Catalog Completion:

The last new catalog fix is by adding a tab on the front menu that measures how complete you are. It shows the overall percentage, labels each catalog tab with fractions (numerator is what you have, denominator is how much there is in total), and stars to every full fraction.

DLC and region-specific items may show up in your catalog, but they do not count towards your completion, which also means the denominators excludes them. They don’t go to the numerators either. Prizes that you can’t order do count towards your completion, ad the denominators includes them.

If you have almost a full catalog, you may receive a Home Catalog Machine (or HCM). With that machine, you can order at home and not at the store. And it works just the same at home.

Catalog Menus

When you load up the catalog on the machine, the first screen shows the different tabs. In New Leaf, we had household, fashion, stationary, music, and groundwork. Here, there are just four – Housing, Construction, Entertainment, and Clothing.


The housing one includes everything for houses and commercial services. This is basically where the furniture goes. All items in furniture series goes here, but not all items in furniture themes or sets go here.


  • Furniture – all furniture, electronics, and appliances for households goes under the furniture category. Those include everything from furniture series, some furniture theme items, most furniture sets, and anything else you can see at home. It also includes wall items and ceiling items.
  • House Plants – the furniture category is split into four different categories here, and there’s still a couple in the Entertainment section. The second category includes all house plants that Leif sells.
  • Commercial Furniture – even though this sounds like it goes under the furniture category, commercial furniture refers to stuff that belong in commercial services. Those include school furniture, office furniture, hospital furniture, restaurant furniture, shop furniture, and other stuff like arcades, food courts, and labs.
  • Outdoor Furniture – refers to all items that give your house an outdoor look. They can also be items for yards. Most furniture themes and some sets go under this category.
  • Carpets – all floor items that just change the floor go under here.
  • Rugs – all floor items that act like rugs go under here.
  • Wallpaper – just like in previous games, all wallpaper go under here.


Construction refers to both house construction and town construction.


  • Mini-Projects – in Chapter 11, I went over Mini-Projects and how they can be ordered on the catalog. They have a high price, but almost all former PWPs go under this category.
  • Doors – all doors that get in the way of openings in your house go here.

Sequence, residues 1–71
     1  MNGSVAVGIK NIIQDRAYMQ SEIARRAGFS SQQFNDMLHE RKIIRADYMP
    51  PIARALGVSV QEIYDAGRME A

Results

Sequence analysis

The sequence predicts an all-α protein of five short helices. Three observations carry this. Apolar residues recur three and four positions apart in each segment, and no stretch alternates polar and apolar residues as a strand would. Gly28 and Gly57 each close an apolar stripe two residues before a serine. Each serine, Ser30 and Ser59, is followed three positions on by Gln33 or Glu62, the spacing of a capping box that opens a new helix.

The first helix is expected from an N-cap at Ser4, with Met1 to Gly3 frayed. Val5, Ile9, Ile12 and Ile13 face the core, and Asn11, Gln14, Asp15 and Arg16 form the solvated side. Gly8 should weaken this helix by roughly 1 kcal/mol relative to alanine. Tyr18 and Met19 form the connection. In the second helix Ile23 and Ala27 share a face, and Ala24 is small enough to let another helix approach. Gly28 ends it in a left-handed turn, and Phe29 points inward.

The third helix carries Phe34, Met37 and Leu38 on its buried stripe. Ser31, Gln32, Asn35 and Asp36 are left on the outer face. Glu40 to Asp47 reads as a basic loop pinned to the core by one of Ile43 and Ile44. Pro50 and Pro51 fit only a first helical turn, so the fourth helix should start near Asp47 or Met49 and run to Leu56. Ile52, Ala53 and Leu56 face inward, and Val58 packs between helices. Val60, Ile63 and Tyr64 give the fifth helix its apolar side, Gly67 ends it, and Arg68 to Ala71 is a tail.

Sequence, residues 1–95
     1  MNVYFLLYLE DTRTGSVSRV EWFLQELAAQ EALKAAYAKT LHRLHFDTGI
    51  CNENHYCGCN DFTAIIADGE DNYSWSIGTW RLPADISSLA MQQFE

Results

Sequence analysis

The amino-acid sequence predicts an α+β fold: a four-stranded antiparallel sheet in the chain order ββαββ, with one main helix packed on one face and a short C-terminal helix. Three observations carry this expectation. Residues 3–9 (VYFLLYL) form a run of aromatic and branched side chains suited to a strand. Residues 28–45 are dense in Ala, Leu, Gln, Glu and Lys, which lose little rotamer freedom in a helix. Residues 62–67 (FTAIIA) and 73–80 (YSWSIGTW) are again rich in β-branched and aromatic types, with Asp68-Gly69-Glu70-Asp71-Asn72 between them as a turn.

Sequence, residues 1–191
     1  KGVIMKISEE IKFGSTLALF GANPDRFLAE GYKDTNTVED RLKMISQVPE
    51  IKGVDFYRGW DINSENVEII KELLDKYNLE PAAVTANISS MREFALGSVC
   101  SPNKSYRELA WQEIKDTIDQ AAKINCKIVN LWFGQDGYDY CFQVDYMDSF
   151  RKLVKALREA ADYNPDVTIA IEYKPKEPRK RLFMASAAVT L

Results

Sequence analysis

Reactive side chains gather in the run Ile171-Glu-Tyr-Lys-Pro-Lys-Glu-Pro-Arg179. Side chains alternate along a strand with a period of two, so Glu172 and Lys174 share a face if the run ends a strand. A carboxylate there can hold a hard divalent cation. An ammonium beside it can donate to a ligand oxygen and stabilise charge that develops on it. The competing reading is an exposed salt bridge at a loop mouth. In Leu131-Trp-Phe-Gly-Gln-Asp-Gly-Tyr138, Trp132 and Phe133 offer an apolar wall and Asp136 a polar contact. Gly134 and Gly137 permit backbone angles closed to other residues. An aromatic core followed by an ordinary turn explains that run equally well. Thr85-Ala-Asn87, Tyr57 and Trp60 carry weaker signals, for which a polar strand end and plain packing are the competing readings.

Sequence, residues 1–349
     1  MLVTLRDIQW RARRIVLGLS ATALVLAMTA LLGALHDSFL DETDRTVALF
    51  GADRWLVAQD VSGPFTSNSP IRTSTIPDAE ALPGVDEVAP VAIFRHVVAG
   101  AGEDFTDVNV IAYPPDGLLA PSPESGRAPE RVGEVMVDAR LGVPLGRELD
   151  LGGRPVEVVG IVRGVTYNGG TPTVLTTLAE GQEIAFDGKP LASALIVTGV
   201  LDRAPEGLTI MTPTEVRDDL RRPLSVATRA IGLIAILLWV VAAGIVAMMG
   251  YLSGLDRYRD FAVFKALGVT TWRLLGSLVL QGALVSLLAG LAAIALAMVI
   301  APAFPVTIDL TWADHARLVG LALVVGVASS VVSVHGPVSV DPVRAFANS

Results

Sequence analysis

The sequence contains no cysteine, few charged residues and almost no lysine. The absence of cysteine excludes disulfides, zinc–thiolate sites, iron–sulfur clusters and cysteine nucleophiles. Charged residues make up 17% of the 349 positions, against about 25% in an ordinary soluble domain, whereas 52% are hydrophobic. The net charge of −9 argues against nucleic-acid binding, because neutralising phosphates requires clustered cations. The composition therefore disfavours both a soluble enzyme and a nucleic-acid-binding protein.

• Windows – all windows that you can put into walls like in Happy Home Designer go here.
  • Curtains – all curtains that cover windows goes under this category.


All of the other items that originally classified as furniture go in these following categories. They are no longer classified as furniture. But this also includes stuff that never classified as furniture to begin with.


  • Decorative – stuff like decorations, beauty items, Gulliver items, and Nintendo items go under this category. Includes all DLC and former DLC. Some furniture themes and sets go here.
  • Food – includes all food that can be re-ordered on the catalog.
  • Toys & Games – includes toys, arts and crafts, games for the table, and all of Nintendo’s handhelds and consoles in the game.
  • Hand items – includes balloons, pinwheels, and fans.
  • Sports – all sporting goods go here.
  • Instruments – includes all instruments.
  • Music – anything you get from K.K. Slider go here.
  • Stationary – you know what is already.


All clothes that you collect in Animal Crossing go here.


  • Tops
  • Bottoms
  • Dresses
  • Coats
  • Headwear
  • Facewear
  • Footwear
  • Neckwear
  • Gloves
  • Accessories
  • Umbrellas

Traditional Mode

In Traditional Mode, the catalog feature is much different. It differs even more in the other tiers. The higher the level, the further back we go.


In the three tiers of Traditional Mode, the features of using the catalog differs. Some are only present in the lower levels.

  • Tier One – same as Sandbox Mode.
  • Tier Two – many categories are empty. Everything in the Construction menu will disappear. Everything in the Entertainment menu (minus stationary and music) merges into the furniture tab of the Housing menu. In addition, the furniture, house plants, commercial furniture, and outdoor furniture will merge. You will also expect to see just furniture, carpets, and wallpaper in the Housing menu. As for clothes, the coats, neckwear, gloves, and accessories do not show up as you’re left with the remaining categories. Music and Stationary have their own menus. The search feature is the same as Tier One and Sandbox Mode, but sorting and filtering won’t be there.
  • Tier Three – the catalog feature will have tabs instead of menus, just like in Wild World. The tabs are furniture, carpet, wallpaper, clothes, headwear, facewear, stationary, music, and umbrellas. Advanced search options are gone, leaving you with the simple search feature. You also won’t get to see your catalog completion progress at all.


In Sandbox mode, all items that show up in your catalog (except for prizes, mannequins, and DLC) remain to be orderable. But once you go to Traditional Mode, most items will become unorderable. And this time, they can be disposable.

  • Tier One – all items from other sellers (such as GracieGrace, the Museum, the Island Shop, and the Sales Stand) cannot be ordered from your catalog.
  • Tier Two – the only items you can order come from the Nooklings, the Ables, Kicks, and occasionally other givers like Gulliver and the campers.
  • Tier Three – similar to Tier Two, but orderable items are strictly items from the Nooklings and the Able Sisters. Not to mention, but they no longer sell holiday items or music, making them unorderable.

Also in Tier Three of Traditional Mode, mannequins and Phineas prizes do not appear.